EAST PALO ALTO (KPIX 5) — The mother of an East Palo Alto shooting victim is pleading for potential witnesses in her son’s slaying to come forward with information.

“I want to beg them to come forward and speak up,” said Veronica Sandoval, whose son Lalo was shot and killed last year.

On the one year anniversary of the fatal shooting, Sandoval marched with more than 100 people from St. Francis of Assisi Church to the East Palo Alto Police Department to raise awareness of the unsolved case and keep up pressure on detectives and elected officials.

Investigators say the murder took place in the early morning hours of Oct. 14, 2018 at A-1 Towing Services on Pulgas Avenue. An argument escalated to a fistfight and during the melee, one of the men was cornered against a fence. The man pulled out a gun and began shooting, killing Lalo Sandoval and Mario Mendez and injuring two others.

Lalo Sandoval (left) and Mario Mendez (right)

Detectives say 20 to 30 people attended the party and many of them likely knew the gunman, but they have not been forthcoming with information.

Police Commander Mike Stasko says the case is missing a key component: a strong witness.

“So now’s the time to look inside yourself and say, ‘Hey, come forward and stand up,’ and you will get the justice you’re looking for,” said Stasko to the demonstrators gathered outside the police department.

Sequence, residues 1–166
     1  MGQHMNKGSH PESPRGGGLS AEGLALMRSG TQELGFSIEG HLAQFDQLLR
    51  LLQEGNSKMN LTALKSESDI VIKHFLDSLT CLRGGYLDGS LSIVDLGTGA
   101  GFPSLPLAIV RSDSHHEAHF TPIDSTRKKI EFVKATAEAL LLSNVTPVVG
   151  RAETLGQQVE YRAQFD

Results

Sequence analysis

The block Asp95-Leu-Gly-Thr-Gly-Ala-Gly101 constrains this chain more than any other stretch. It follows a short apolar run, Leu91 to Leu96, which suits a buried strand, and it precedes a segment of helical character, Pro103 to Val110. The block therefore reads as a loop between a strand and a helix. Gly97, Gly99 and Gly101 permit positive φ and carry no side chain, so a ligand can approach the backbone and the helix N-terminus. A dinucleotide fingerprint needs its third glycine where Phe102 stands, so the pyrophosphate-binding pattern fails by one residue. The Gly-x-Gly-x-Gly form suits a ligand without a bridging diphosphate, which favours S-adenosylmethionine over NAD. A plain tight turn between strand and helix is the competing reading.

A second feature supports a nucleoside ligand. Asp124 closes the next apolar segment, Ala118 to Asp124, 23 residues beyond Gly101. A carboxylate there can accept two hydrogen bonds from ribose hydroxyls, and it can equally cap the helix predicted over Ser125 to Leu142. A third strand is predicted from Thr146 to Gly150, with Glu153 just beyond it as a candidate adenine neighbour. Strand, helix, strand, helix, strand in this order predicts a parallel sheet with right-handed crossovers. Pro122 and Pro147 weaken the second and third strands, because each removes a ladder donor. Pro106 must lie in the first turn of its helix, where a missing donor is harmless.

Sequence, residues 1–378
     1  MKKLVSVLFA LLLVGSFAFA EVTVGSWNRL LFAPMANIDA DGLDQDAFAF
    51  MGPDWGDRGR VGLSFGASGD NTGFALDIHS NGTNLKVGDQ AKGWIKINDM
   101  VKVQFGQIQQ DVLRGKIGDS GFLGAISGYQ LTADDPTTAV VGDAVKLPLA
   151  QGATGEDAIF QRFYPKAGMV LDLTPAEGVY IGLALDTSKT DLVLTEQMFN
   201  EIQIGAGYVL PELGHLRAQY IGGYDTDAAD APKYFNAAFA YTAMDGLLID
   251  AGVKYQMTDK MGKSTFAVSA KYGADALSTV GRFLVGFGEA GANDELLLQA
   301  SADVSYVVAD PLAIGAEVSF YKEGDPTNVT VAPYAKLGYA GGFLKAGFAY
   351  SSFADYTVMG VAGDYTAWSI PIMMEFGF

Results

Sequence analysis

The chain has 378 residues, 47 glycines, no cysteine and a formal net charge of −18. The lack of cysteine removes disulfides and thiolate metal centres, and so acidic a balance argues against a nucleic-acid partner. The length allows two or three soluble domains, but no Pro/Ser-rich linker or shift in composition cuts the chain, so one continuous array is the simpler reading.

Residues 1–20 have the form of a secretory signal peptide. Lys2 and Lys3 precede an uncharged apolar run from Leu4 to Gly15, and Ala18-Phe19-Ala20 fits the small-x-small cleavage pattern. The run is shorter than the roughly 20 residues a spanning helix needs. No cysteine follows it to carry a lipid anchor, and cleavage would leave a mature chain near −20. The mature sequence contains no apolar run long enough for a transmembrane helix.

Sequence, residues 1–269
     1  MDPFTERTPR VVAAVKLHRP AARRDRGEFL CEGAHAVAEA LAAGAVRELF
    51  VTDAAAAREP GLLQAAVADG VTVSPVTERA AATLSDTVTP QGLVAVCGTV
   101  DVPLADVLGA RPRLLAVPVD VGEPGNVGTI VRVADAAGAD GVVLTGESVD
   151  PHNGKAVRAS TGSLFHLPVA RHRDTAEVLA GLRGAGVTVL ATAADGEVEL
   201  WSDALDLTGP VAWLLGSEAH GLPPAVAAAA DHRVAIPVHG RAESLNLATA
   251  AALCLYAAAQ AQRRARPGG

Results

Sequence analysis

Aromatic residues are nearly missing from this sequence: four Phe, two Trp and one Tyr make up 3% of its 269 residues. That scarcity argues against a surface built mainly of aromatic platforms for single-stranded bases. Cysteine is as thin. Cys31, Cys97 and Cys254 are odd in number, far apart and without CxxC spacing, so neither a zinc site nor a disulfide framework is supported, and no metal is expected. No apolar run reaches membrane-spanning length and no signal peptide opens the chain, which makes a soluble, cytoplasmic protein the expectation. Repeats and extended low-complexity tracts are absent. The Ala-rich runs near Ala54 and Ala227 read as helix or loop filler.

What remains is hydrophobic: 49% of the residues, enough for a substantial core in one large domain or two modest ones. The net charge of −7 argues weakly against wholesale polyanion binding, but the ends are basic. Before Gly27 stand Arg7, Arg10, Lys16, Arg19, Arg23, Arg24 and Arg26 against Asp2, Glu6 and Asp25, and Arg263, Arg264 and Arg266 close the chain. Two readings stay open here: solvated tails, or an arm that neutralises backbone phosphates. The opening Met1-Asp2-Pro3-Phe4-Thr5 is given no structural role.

San Mateo County District Attorney Steve Wagstaffe says there are state and county programs in place that have protected and relocated “dozens” of witnesses over the years.

“If people come forward, then I predict 100% we will solve it. If people stay silent, then we may be exactly where we’ve been for the last 12 months,” said Wagstaffe.

Margaret Petros, executive director of Mothers Against Murder and the organizer of Sunday’s march, says the witnesses know many of the victim’s relatives and are carrying a heavy emotional burden by not coming forward to ease the families’ pain.

“Their lives have changed. A part of them has been murdered. And if you are in a position to change that, to comfort that mother, I cannot imagine not doing it,” said Petros.

By the end of the march, demonstrators tied white balloons on the railing of the police department to remind detectives and the public to stay vigilant. Meanwhile, Veronica had a message for the gunman, who has not been seen in the area for months.

“For once in your life, do the right thing. You were a grown up man to use the gun. And you will have to pay for what you did, sooner or later,” said Sandoval. “He can run, but he can’t hide.”

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